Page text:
PHU NOI 1994-1995

Archaeological investigations in Phu Noi 1994-1995

The site of Phu Noi (Ban Mi District, Province of Lopburi; 15°14’20″N, 100°35’02″E) is located in the ‘Takli hill belt’ at the northwestern edge of the Lopburi Plain (about 48 km from Tha Kae) [Fig. 1]. In 1990 digging for the foundations of a Sala Thai-type masonry pavilion at the old wooden Buddhist temple in the village brought to light several human skeletons and pottery vases; this chance discovery was followed by a rescue excavation conducted by Surapol Natapintu, then director of the ‘Central Thailand Archaeology Project’ (Archaeology Division-Thai FAD). The excavation brought to light 32 graves – divided into three cemetery phases – accompanied by pottery vases and shell, tortoiseshell, ivory and stone jewellery. The graveyard was dated – on the basis of the absence of metal in the layers and an initial evaluation of pottery types – to around 2000-1500 BC. Stratigraphic excavation of the site was then taken up by the Italian-Thai project, revealing that the archaeological deposit – varying from 25 to 250 cm in thickness over an area of about 5 ha [Fig. 2] – consisted of a lower layer, cut by three phases of an extensive burial ground, and an upper layer featuring mainly the remains of inhabited areas [Fig. 3].

As often happens in Southeast Asia, the extent of co- and post-depositional bioturbation made it impossible to obtain reliable carbon samples for radiometric dating. However, the discovery of bronze artefacts with a high tin content, together with pottery types and the diagnostic burial ritual (with the offering of portions of animal carcass near or on the pelvis or near the skull) allowed us to establish, thanks to comparisons with similar finds in sites with 14C dating, that the three burial phases (recognized on the basis of the stratigraphic sequence of more than 50 burial cuts) could be assigned to a period between the end of the Bronze Age (600 -500 BC) [Figs. 4,5] and the middle Iron Age (200 BC – AD 200) [Fig. 6].

Fig. 1 Provincia di Lopburi (in alto a sinistra) con carta topografica del transetto oggetto delle nostre indagini e localizzazione del sito di Phu Noi.
Fig. 1 Province of Lopburi (upper left) with map showing our research transect and position of the Phu Noi site.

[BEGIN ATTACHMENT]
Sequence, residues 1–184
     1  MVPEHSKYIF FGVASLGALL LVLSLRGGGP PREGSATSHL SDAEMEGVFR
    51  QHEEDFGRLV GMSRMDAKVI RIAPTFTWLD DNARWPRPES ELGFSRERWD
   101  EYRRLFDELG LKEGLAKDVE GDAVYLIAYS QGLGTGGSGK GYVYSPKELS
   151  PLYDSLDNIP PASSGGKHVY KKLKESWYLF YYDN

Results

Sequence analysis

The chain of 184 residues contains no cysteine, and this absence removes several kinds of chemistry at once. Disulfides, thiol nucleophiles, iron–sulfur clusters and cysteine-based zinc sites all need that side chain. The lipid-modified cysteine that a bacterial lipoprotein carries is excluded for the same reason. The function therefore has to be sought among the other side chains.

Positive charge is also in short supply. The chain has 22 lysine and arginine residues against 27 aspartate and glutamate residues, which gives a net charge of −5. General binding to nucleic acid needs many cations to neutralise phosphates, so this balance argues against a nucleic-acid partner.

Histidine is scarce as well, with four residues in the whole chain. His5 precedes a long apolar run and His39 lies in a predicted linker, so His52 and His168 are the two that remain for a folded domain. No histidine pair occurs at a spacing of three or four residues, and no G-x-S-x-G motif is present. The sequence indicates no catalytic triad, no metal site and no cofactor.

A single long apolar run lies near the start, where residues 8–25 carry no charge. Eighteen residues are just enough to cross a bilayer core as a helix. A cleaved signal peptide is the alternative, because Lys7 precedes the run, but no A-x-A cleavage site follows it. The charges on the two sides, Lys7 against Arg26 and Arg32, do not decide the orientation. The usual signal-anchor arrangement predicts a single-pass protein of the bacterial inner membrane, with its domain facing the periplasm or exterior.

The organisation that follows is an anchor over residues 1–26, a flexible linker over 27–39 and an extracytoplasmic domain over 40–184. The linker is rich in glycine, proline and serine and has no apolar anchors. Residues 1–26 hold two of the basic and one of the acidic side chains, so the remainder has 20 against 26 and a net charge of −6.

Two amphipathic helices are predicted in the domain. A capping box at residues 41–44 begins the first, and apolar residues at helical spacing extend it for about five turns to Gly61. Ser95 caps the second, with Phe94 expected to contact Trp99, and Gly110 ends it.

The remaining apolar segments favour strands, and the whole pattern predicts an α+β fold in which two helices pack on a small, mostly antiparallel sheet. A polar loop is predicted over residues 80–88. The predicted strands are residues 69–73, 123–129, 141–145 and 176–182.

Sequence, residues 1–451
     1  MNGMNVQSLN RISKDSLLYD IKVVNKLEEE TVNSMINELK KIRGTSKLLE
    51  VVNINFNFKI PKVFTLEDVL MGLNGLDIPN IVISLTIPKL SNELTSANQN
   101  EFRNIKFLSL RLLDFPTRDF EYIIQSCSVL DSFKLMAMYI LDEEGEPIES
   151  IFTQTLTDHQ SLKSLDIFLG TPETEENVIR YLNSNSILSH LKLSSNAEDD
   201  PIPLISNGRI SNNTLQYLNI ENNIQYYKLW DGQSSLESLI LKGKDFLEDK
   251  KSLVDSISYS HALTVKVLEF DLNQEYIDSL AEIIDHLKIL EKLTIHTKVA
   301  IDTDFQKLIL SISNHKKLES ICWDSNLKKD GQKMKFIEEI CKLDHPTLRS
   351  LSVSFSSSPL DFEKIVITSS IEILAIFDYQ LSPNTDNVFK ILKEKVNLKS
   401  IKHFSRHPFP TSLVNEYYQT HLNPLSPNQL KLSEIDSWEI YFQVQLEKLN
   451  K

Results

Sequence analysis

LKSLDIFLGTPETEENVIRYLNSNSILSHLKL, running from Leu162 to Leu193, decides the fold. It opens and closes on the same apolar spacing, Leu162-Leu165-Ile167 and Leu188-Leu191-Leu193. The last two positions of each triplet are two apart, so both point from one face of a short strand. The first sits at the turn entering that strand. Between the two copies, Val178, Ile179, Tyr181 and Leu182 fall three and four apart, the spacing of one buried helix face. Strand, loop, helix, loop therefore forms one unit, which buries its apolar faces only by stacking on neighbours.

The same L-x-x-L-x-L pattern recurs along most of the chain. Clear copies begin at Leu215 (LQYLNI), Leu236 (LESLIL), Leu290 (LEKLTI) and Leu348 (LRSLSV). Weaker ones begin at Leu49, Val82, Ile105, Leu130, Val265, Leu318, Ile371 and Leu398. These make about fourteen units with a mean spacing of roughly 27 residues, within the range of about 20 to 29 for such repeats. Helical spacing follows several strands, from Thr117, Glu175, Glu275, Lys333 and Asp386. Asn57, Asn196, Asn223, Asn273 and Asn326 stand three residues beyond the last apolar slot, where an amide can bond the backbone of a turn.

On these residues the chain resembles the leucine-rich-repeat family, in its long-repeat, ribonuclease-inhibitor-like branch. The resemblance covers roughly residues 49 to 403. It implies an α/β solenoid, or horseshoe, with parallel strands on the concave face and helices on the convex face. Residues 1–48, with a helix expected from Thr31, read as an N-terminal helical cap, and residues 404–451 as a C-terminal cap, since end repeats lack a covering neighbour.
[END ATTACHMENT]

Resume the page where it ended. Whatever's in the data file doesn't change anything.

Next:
Fig. 2 Pianta del sito di Phu Noi con la localizzazione delle trincee di scavo.
Fig. 2 Plan of the Phu Noi site showing positions of the excavation areas.
Fig. 3 Sequenza cronologico-culturale del sito di Phu Noi.
Fig. 3 Chronological and cultural sequence of the Phu Noi site.
Fig. 4 Phu Noi 1994 vedute del livello necropolare della tarda Età del bronzo (ca. 800-500 a.C.). 1) Northern Trench 2; 2) Northern Trench 3; 3) vasi di ceramica dal corredo della tomba 4 dopo il restauro.
Fig. 4 Phu Noi 1994, view of the Late Bronze Age cemetery phase (c.800-500 BC). 1) Northern Trench 2; 2) Northern Trench 3; 3) Pottery vases from Tomb 4’s grave goods after conservation treatment.
Fig. 5 Monili di conchiglia tridacna databili alla tarda Età del bronzo: collana di 65 perle dal corredo della Tomba 13 in NT3 e coppia di orecchini dalla Tomba 6 in NT2.
Fig. 5 Tridacnaclam shell jewellery of Late Bronze Age date: 65-bead necklace from the grave goods of Tomb 13 in NT3 and pair of earrings from Tomb 6 in NT2.
Fig. 6 NT3: bracciali a cerchi di bronzo dalla Tomba 7 della media Età del ferro (ca. 200 a.C.- 200 d.C.)
Fig. 6 NT3: bronze bracelets and circles from Tomb 7, of middle Iron Age date (c.200 BC- AD 200).
Fig. 7 Fusaiole di terracotta da sepolture femminili databili tra la fine dell’Età del bronzo e l’inizio dell’Età del ferro (ca. 600-400 a.C.)
Fig. 7 Terracotta spindle whorls from Late Bronze Age – early Iron Age female burials (c.600-400 BC).
Fig. 8 Il rilievo mette in evidenza la distribuzione casuale dei frammenti di artefatti della tarda Età del ferro (ca 200-400/500 d.C.) e la regolarità dei cluster di frammenti ceramici pertinenti alle ultime sepolture del sottostante livello necropolare.
Fig. 8 Plan showing the random distribution of fragments of Late Iron Age artefacts (AD c.200-400/500) and the regularity of potsherd clusters related to the latest burials of the underlying cemetery level.

An important discovery for our comprehension of the socio-economic growth process of this small, peripheral community in central Thailand during the period in question was that of terracotta spindle whorls – which were present, in varying numbers, in almost all the ‘female burials’ [Fig. 7]. These simple devices testify to the development of spinning-weaving activities in the context of craft production that was probably family-run.

The upper occupation deposit at Phu Noi [Fig. 8] contained the remains of a distinctive bone/horn-working industry, sandstone smoothers probably connected to this, and fragments of terracotta “shell” moulds for the casting of small, thin copper/bronze instruments typical of the Iron Age metallurgical production of the province of Lopburi. This layer contains imitations of Indian artefacts, such as the abraders and terracotta jewellery, and dates to the late Iron Age (AD 200-400/500). The presence of imported or imitation Indian artefacts among the remains of a small, peripheral rural community (probably mediated by settlements on the plain, e.g. moated sites such as Tha Kae and Lopburi), is important because it shows how widespread objects and behavioural patterns originating in the Indian subcontinent – such as the ritual practices of personal hygiene highlighted by the use of files – were.

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